EDITORIAL – ‘Wait a minute’: What’s going on with board records?

CINICO CEO Lonny Tibbetts

A review of minutes from CINICO Board of Directors’ meetings in 2018 reveals two “categories” of record-taking: The first verbosely recounting board discussions and reports from then-CEO Lonny Tibbetts; the second, offering terse (even cryptic) summaries of the board’s actions during a handful of extraordinary meetings last fall leading to Mr. Tibbetts’ termination.

With the board unwilling to provide publicly much detail or justification for its decision to fire Mr. Tibbetts, the Compass requested the meeting minutes under the Freedom of Information Law. And while, as we indicated above, the suddenly reticent records did not shed much new light on the circumstances of the CINICO CEO’s departure, they do provide an occasion to comment on the wide variation, in terms of detail and availability, of official records kept by the Cayman Islands’ web of appointed public boards and commissions – and the resulting opportunities for obfuscation or abuse.

These boards wield considerable authority over vital components of the public service, including immigration, health, development, business licensing and other areas of regulation or government enterprise, but there appears to be little in the manner of “quality control” over standards of record-keeping, with some boards promptly publishing robust minutes, some (such as the Liquor Licensing Board, Central Planning Authority and National Conservation Council) making their meetings open to the public, and others leaving no public trace of their meetings, if they had any, or actions, if they took any.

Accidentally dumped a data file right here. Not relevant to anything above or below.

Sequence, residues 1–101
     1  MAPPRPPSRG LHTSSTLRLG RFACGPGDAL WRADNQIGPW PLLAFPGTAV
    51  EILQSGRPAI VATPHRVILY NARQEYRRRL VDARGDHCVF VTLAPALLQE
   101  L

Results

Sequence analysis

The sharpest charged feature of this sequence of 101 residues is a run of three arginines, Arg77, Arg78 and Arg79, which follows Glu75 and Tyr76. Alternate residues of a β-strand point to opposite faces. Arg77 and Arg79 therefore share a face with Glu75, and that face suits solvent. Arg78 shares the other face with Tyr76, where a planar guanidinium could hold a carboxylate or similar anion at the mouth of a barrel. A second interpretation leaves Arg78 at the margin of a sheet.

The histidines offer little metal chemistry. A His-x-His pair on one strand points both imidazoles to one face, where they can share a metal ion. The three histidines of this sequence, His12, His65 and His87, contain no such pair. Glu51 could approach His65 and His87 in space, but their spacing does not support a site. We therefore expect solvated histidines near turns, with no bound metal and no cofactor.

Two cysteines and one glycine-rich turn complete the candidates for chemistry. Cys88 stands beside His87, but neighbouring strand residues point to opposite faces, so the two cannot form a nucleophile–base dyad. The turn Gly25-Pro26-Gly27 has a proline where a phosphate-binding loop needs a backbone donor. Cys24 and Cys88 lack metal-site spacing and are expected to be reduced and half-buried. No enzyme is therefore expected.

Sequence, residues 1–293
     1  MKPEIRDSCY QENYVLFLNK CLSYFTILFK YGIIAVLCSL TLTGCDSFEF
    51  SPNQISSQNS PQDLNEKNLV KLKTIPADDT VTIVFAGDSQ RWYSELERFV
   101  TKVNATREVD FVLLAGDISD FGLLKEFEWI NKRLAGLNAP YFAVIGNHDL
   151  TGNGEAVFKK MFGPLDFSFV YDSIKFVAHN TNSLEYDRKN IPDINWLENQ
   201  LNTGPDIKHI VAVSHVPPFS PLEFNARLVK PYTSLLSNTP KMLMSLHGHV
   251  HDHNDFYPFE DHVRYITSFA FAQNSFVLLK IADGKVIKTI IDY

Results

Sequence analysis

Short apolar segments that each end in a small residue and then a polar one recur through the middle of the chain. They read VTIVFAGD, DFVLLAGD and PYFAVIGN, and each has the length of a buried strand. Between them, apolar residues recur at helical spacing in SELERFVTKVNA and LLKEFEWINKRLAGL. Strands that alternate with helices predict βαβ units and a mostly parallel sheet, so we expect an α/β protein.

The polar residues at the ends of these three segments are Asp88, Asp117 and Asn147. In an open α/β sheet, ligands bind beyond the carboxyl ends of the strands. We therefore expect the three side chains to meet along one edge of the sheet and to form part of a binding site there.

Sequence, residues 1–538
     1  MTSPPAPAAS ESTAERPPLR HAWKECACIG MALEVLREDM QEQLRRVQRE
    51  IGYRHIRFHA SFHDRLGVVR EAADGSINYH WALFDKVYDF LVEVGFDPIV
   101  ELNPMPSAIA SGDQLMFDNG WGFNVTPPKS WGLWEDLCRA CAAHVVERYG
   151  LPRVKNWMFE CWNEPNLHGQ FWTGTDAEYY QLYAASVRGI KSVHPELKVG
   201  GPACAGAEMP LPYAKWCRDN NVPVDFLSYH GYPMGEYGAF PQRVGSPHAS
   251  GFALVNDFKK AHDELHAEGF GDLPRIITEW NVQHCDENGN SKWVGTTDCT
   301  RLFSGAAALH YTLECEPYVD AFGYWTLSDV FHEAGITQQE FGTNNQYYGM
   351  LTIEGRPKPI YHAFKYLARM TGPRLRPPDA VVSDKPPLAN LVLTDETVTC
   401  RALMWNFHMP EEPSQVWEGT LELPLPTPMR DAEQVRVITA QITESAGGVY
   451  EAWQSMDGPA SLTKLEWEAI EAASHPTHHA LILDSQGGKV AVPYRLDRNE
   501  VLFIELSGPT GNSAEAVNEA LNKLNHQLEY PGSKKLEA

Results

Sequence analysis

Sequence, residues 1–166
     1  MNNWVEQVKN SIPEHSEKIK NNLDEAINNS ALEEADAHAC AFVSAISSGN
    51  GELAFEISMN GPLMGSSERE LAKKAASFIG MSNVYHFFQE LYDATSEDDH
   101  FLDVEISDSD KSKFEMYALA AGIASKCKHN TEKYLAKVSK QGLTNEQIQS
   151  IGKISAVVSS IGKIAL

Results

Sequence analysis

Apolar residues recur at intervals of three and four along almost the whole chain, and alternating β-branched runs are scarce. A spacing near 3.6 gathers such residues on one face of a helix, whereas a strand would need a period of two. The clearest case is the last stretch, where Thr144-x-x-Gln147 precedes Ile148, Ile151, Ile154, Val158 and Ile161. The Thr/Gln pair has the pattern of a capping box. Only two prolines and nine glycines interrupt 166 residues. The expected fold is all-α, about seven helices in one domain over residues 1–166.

(For more information on this influential but relatively low-profile stratum of government, read today’s front page story on an Auditor General’s report on the $788,000 paid in remunerations over 18 months to the 99 board members who oversee 24 statutory authorities and government companies.)

The reasons for these variations in board practices and record-keeping are difficult to perceive. For nearly 150 years, boards and committees around the world have conducted their business in alignment with parliamentary procedures codified and published by Henry Martyn Robert – you may know them as “Robert’s Rules of Order.”

Mr. Robert and successive editors of the handbook (now in its 11th edition) clearly outline expectations for meeting minutes – which are to include the essential details of the meeting (what type of meeting, when and where it was held, who was there, etc.) and offer a complete and accurate account of actions taken by the board.

Cayman’s public boards, committees and commissions should adhere to a uniformly high standard for record-keeping: Minutes should be taken by a designated, trained individual, and, given the technology available today, the written records should be backed up by an audio (and ideally video) recording.

Minutes should never be used as an opportunity for ex post facto revision, creative writing or image management. Nor should they be verbatim transcripts of all utterances and verbal exchanges. When possible, they should proactively be made public, with the fewest redactions possible, instead of our reporters being compelled to file series of open records requests on behalf of our readership and by extension the Cayman public.

Obviously, some board deliberations involve sensitive information (related to personnel or legal situations, for example) and should remain “in the boardroom.” But many, if not most, discussions are focused on ordinary business matters that are clearly in the public interest.

Regardless of whether minutes are immediately made available for public scrutiny, there are many other longer-term reasons for demanding complete and accurate records of actions taken by public boards. Over time, they serve as guiding documents that keep successive generations of boards on a steady course – providing precedent, a decision-making structure and accountability. And it is of no small consequence that meeting minutes are legal documents, generally admissible in court.

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